I await your scholarly response.

Brian the Troll is conve... (Below threshold)
Brian:

Brian the Troll is conveniently ignoring the central point of my post

I didn't ignore it. I responded directly on point. Your three points were bill of attainder, retroactivity, and equal protection. I provided counterpoint to two of them. I'm not a lawyer, so I would welcome you educating me as to how they don't apply to the current situation.

If you're "aware that tax increases as well as tax cuts have been retroactively imposed and have survived constitutional challenge", then why bother raising the issue of ex post facto laws to begin with? And why did you state that an ex post facto tax laws would be unconstitutional?

I'm aware that tax increases as well as tax cuts have been retroactively imposed and have survived constitutional challenge, but never to a group as narrowly defined as this one.

Are you aware of such laws that have been actively struck down? Or are you just not aware of any, period?

You may be right. But if you're going to accuse Obama of "an abject ignorance of our Constitution and established legal precedent going back well over two hundred years", I assume you have some, you know, established Constitutional and legal precedent to cite.

How is this not then a b... (Below threshold)
Brian:

How is this not then a bill of attainder?

I didn't say it wasn't. It may very well be. The legal rulings regarding bills of attainder have been very inconsistent over the years:

A statute which inflicts its deprivation upon named or described persons or groups constitutes a bill of attainder whether its aim is retributive, punishing past acts, or preventive, discouraging future conduct.
However expansive the prohibition against bills of attainder, it surely was not intended to serve as a variant of the equal protection doctrine, invalidating every Act of Congress or the States that legislatively burdens some persons or groups, but not all other plausible individuals. In short, while the Bill of Attainder Clause serves as an important "bulwark against tyranny," it does not do so by limiting Congress to the choice of legislating for the universe, or legislating only benefits, or not legislating at all.

Whether this would qualify is for a court to decide. But believing that it won't certainly does not demonstrate "an abject ignorance of our Constitution and established legal precedent going back well over two hundred years". The ignorance is displayed by anyone who thinks it's a clear-cut case.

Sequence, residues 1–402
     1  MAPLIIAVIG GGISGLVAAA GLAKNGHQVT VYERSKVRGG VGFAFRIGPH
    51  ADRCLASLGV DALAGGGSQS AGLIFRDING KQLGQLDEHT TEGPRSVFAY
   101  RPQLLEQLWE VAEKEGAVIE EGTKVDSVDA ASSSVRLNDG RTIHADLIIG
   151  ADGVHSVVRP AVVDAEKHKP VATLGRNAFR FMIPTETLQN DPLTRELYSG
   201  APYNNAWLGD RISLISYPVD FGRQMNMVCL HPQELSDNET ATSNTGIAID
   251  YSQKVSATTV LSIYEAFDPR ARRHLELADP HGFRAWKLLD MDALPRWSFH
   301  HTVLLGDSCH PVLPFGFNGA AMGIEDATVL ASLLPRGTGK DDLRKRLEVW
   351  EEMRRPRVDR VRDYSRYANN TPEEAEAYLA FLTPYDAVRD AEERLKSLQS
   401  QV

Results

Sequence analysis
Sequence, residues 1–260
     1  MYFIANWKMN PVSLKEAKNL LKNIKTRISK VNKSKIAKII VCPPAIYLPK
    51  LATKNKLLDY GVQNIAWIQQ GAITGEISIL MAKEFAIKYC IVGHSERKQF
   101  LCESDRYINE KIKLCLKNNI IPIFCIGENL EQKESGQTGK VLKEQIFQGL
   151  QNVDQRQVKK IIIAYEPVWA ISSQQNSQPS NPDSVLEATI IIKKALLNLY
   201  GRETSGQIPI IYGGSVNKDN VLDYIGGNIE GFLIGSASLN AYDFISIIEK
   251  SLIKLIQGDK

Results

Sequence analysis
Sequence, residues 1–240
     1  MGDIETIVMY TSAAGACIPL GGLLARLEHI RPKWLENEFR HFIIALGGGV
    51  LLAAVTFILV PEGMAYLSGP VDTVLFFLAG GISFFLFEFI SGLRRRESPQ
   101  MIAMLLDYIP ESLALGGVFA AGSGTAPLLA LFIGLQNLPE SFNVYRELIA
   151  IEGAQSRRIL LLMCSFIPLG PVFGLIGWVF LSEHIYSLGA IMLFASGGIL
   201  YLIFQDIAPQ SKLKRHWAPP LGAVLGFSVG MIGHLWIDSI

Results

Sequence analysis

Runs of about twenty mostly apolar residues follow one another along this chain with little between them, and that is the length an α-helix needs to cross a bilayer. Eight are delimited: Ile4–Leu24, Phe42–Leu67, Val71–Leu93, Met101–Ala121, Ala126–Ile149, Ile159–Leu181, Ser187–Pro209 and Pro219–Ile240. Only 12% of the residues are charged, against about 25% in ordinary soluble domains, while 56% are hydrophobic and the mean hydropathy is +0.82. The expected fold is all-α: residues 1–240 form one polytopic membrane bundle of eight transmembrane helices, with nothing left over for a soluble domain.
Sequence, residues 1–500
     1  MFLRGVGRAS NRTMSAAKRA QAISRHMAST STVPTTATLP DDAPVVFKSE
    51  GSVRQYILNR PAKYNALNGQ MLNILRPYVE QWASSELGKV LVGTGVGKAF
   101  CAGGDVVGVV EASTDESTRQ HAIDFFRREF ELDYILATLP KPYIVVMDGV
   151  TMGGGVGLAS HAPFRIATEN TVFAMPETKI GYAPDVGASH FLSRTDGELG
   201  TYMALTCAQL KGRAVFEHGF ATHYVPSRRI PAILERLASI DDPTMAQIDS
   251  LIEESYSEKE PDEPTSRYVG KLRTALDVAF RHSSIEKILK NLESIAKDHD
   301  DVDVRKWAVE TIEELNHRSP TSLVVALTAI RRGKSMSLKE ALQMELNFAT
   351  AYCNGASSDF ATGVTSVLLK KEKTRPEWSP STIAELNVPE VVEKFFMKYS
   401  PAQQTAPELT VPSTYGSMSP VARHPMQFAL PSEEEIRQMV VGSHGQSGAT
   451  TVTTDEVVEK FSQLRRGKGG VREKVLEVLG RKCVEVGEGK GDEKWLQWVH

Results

I believe Obamalala and his... (Below threshold)
MPR:

I believe Obamalala and his liberal hoard show their ignorance and contempt everyday.

I assume, based on this bri... (Below threshold)
jp2:

I assume, based on this brief error-riddled writing, that Mr. Kim Priestap perhaps only does pro bono work? No way he passed the bar with this kind of stuff.

If you are actually interested in a real Constitutional lawyer's opinion, check out Glennzilla.

http://feeds.salon.com/~r/salon/greenwald/~3/t2t0IttSlHg/index.html

And speaking of retroactive... (Below threshold)
Brian:

And speaking of retroactive possible bills of attainder, does anyone remember this oldie but goodie?

> Of course, the law pro... (Below threshold)
Arthur:

> Of course, the law probably won't be passed, and if it were, it would be struck down for all of the reasons I have enumerated, and probably a few others. But the fact that the Obama administration and Democrats in Congress seem to think that such a law is a reasonable solution to this problem of their own making should concern all of us.

What concerns me even more is that they don't have to pass the law. Wednesday's Show Trial of Liddy was enough to convince many of the bonus recipients to give back some or all of their bonus.

It doesn't matter what the Constitution prohbits or allows. We're in the Age of Show Trials now.


"Glennzilla" must feel awfu... (Below threshold)
JB:

"Glennzilla" must feel awfully stupid defending Dodd now.

'Dodd just admitted on CNN that he inserted a loophole in the stimulus legislation that allowed million-dollar bonuses to insurance giant AIG to go forward - after previously denying any involvement in writing the controversial provision.'

Obama knows about bills of ... (Below threshold)
braininahat:

Obama knows about bills of attainder, he's trying to use misguided public outrage in order to violate the Constitution now so he can set a precedent for future violations when it comes to other private citizens on things such as guns, freedoms, rights, etc.

http://tinyurl.com/cws7te

#21 jp2Your link i... (Below threshold)

#21 jp2